Posted in Features

Living wireless: Day five has gone from not fun to just sad

I guess you could call this existential crisis number two

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Image Credits: Alexa Tarrayo

This is the fifth post in a week-long web series that documents Preethi’s day-to-day experiences while forgoing a relationship with her cellphone. Check back daily for the next article.

In Hindi, five is called “paanch,” and I’m ready to paa(u)nch someone in the face this Monday.

I didn’t sleep very well the previous night and I wasn’t ready for the week to start. Not using my phone is turning out to be more problematic, as this week I’m organizing some club events. Catching hold of people through email has been rather difficult and, at this point, I started to reconsider the pros of being on social media and began to turn skeptical on my “no phone” propaganda.

As my day rolled out, I didn’t have time to trace whether I missed my phone or not. When my work shift started, I heard the familiar sound of my phone and I immediately reached for my pockets; but it wasn’t my phone, it was my colleague’s. I’m not surprised by this — I simply wanted what I couldn’t have. After my shift finished, I rushed home because this week’s work wasn’t going to do itself.

The process and feeling behind my seven-day challenge repeats itself. I made food that I couldn’t capture and share, and realized how profusely I indulge in sharing the food I make. I almost heard myself say, “It looks so pretty and no one can see it!” If my great grandmother was alive, she’d probably give me the biggest whack on my head. When did we start doing things for ourselves as well as the thousand and one friends we have on social media? She wouldn’t like how I live my life online, so why do I allow myself all these bad habits?

These urges speak a lot to my helplessness. There have been many times in the past when I would wake up and sit on my phone for hours. Even though I knew that I had a lot of things to attend to, I would scroll myself into an abyss of digital garbage as I felt lethargic at my best. As soon as I would realize that I had used my phone for an hour, I would force myself to put it down — only to pick it up again in 10 minutes.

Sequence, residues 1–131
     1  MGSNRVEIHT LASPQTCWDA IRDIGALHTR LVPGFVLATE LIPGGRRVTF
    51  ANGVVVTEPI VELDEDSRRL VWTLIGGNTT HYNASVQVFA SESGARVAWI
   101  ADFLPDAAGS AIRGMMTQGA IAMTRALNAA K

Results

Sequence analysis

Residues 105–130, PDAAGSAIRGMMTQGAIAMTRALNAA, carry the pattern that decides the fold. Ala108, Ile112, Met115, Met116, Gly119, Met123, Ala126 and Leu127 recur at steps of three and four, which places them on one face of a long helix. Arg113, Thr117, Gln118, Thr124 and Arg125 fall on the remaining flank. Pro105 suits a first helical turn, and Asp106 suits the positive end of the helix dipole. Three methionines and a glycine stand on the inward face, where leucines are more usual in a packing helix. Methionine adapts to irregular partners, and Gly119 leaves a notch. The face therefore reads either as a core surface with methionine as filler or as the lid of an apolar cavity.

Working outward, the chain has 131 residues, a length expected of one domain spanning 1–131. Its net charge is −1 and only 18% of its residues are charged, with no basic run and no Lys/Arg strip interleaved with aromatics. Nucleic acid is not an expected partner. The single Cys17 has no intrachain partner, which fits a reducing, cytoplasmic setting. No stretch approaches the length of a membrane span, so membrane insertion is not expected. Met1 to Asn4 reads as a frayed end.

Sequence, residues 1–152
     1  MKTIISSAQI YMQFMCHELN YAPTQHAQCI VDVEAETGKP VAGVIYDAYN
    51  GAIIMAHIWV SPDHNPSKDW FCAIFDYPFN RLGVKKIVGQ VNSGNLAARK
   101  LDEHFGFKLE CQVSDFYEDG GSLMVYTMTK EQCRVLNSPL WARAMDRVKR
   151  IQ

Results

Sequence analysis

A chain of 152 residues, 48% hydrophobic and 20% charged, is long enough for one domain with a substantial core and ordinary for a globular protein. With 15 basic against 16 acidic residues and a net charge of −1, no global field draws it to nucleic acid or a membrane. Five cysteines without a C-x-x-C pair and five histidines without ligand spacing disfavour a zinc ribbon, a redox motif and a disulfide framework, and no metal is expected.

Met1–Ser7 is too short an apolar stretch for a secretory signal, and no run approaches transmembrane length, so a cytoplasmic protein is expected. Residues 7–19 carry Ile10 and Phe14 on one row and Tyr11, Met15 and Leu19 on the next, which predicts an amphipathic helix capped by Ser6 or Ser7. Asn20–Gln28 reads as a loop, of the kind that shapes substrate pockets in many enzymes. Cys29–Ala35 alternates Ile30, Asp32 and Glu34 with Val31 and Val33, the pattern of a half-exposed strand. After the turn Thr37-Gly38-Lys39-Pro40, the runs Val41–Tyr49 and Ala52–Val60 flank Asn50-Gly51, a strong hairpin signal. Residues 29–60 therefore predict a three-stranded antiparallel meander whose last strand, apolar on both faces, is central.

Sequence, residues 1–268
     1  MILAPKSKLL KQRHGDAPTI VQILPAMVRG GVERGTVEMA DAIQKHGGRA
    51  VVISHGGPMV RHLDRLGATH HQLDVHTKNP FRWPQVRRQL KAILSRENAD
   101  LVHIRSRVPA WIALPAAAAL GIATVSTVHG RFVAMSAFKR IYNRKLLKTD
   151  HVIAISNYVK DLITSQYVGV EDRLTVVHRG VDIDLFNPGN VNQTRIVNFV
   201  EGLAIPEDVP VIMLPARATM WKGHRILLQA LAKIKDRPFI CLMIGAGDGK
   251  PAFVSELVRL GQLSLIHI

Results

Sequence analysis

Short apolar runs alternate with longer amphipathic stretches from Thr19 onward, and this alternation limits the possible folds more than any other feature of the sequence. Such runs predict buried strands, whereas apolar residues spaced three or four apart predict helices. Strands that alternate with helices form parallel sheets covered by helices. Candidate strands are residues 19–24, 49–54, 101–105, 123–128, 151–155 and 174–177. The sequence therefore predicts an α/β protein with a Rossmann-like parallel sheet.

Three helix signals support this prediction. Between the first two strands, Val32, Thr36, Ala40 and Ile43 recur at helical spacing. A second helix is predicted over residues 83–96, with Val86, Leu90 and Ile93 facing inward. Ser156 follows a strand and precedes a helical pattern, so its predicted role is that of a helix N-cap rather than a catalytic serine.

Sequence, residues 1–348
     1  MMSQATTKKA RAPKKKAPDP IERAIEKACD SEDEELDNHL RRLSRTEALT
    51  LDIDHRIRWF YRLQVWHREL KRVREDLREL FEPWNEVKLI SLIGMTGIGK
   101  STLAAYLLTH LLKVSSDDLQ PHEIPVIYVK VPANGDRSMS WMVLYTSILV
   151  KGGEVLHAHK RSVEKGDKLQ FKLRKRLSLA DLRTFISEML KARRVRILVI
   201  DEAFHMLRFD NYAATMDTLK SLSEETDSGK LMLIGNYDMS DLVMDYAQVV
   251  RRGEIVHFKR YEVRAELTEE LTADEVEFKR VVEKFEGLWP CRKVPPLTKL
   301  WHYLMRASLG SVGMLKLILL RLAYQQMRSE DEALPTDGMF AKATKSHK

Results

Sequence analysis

It, in fact, is a roach. We could live without it, but no matter what we do, it always creeps back into our lives. As soon as I finished cooking, I headed to the library and worked until 2 a.m. As I walked back home, I tried to evaluate what makes us want to look at our screens every 15 minutes or so. I think it’s the unrestrained access to our phones that makes us pick them up and mindlessly scroll through posts.

In a way, it isn’t a big deal that we want to share pictures of our food or the coffee that we’re overdosing on. It is a big deal when we share these on social media, without necessarily screening ourselves. Asking the question, “Why am I sharing this with people?” is always a great place to start.

Given that these were my reflections, I cannot say that I didn’t want my phone back. I was increasingly getting bored without entertaining visuals and engaging videos that I usually view on Facebook or Instagram. I’ve been expecting a full meltdown, and to me that was going to be the ‘storm’ that marked the end of this challenge. But I’m starting to realize the real storm is being stuck in the endless tug-of-war that is forgoing my cellphone and fitting in with the status quo.

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